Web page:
THE chair of Scotland’s police watchdog has stepped down with immediate effect after saying the system she was supposed to oversee is “fundamentally flawed”.

In a blistering resignation letter, Susan Deacon said she had made every effort to ensure the effective operation of the Scottish Police Authority (SPA) during her two years in post.

HeraldScotland: Camley's Cartoon: Susan Deacon resigns.Camley's Cartoon: Susan Deacon resigns.

“However, I have increasingly become convinced that the governance and accountability arrangements for policing in Scotland are fundamentally flawed, in structure, culture and practice,” she told Justice Secretary Humza Yousaf.

“I conclude that there is little more I can do to make these arrangements work effectively,” she added.

Professor Deacon also said the Scottish Government should “think afresh about how the police service is scrutinised and held to account”, and whether there should be more separation between politics and policing and between the police service and the SPA.

In September, HM Inspectorate of Constabulary in Scotland said there was an inherent conflict of interest in the SPA being both a service provider to Police Scotland, setting its £1billion budget, while also being its scrutiny body.

READ MORE: Former MSP Susan Deacon becomes first woman to chair Institute of Directors in Scotland

The opposition parties said the SPA was in “crisis” and called for a review of the SNP’s centralisation policy that created it six years ago.

Prof Deacon, a former Labour minister, is the third chair to leave the SPA since its formation in 2013 as part of the merger of Scotland’s eight regional police forces into one. The SPA is also on its fourth chief executive.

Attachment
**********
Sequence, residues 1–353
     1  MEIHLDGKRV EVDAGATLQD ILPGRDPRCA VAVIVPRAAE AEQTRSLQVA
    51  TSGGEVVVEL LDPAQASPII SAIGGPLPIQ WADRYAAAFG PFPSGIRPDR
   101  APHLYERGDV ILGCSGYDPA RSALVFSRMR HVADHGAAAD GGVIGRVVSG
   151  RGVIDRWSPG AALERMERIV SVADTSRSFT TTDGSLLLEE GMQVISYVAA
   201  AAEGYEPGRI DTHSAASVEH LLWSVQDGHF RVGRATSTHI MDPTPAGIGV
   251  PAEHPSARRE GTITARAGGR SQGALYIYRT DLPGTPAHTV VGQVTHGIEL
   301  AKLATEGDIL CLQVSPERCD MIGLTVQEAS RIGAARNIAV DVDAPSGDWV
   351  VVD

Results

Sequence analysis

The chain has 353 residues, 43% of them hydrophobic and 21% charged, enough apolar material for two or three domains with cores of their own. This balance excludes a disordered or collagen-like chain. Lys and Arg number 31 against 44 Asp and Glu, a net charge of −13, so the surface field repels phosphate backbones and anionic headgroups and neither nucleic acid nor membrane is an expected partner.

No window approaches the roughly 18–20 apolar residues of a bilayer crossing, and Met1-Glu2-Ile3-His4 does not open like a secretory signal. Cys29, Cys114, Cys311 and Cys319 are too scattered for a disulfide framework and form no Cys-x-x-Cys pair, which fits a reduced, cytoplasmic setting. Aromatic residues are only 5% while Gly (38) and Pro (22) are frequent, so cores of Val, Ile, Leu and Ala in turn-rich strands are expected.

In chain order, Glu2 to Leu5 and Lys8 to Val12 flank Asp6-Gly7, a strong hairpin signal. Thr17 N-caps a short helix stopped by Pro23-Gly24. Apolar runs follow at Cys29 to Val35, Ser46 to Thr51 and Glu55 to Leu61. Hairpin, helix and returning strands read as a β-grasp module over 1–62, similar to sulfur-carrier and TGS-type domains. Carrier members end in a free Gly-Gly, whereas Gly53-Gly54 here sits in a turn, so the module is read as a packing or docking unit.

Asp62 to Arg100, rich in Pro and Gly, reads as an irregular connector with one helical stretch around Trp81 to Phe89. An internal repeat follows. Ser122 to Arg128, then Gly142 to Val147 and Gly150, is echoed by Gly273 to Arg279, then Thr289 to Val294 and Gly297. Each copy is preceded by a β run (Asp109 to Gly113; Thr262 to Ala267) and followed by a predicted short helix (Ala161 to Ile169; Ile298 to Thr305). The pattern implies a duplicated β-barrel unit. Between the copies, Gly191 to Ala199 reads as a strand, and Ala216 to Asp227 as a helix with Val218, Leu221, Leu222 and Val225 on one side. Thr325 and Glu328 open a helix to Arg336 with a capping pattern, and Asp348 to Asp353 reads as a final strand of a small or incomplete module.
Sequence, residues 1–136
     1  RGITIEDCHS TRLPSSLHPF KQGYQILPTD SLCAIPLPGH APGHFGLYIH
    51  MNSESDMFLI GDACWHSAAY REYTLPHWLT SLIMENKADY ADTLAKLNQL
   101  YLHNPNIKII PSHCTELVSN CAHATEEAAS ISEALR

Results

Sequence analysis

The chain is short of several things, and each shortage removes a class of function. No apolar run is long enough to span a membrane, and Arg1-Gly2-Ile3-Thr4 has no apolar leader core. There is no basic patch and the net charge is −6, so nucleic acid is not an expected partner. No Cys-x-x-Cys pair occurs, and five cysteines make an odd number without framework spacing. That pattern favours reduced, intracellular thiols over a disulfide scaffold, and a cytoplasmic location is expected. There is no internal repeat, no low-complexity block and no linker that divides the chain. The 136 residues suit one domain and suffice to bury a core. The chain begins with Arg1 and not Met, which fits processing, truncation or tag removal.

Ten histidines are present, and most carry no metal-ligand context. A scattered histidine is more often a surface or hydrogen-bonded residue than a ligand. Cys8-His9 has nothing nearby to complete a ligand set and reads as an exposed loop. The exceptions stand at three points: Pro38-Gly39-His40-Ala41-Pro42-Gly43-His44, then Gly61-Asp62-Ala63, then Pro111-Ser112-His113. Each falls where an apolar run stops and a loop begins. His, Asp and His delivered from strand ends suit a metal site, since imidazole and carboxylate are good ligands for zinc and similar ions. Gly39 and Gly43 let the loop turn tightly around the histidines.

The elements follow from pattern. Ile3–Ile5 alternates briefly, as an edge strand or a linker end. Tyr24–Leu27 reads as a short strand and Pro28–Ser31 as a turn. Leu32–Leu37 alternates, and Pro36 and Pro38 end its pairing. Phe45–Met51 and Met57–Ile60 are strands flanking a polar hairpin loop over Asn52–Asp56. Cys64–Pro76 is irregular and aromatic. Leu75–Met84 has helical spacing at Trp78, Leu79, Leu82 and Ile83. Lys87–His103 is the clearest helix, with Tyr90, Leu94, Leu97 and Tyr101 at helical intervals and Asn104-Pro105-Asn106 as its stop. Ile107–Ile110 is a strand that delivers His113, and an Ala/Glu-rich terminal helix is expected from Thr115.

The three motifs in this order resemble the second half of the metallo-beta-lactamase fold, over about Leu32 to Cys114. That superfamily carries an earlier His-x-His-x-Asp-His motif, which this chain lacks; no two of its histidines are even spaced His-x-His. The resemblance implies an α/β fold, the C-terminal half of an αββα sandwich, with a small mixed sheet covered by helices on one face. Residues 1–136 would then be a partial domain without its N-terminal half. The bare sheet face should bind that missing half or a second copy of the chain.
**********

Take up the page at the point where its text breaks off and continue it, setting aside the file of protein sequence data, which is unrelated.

Her departure comes after widespread suggestions - even from Police Scotland - that her board was not doing a good job at scrutinising the force.

Informing Holyrood’s justice committee of the departure, Mr Yousaf said he had accepted Prof Deacon’s resignation “with immediate effect”.

He wrote: “As Ms Deacon herself acknowledges, our police service is in a much stronger place now than prior to her appointment.”

However he made no reference whatsoever to her brutal criticisms, and insisted he was “encouraged that significant progress has been made”. 

READ MORE: Police oversight chief Susan Deacon blames predecessor for failings

The SPA said its vice-chair, David Crichton, would take acting control.

The body added: “The Members of the Authority wish to acknowledge the significant contribution that Susan Deacon has made as Chair of the SPA over the past two years.

“She took up the role at a period of considerable instability in the police service. That Police Scotland now has a strong, resilient leadership team in place is testimony to her contribution to the improvement of policing in that period.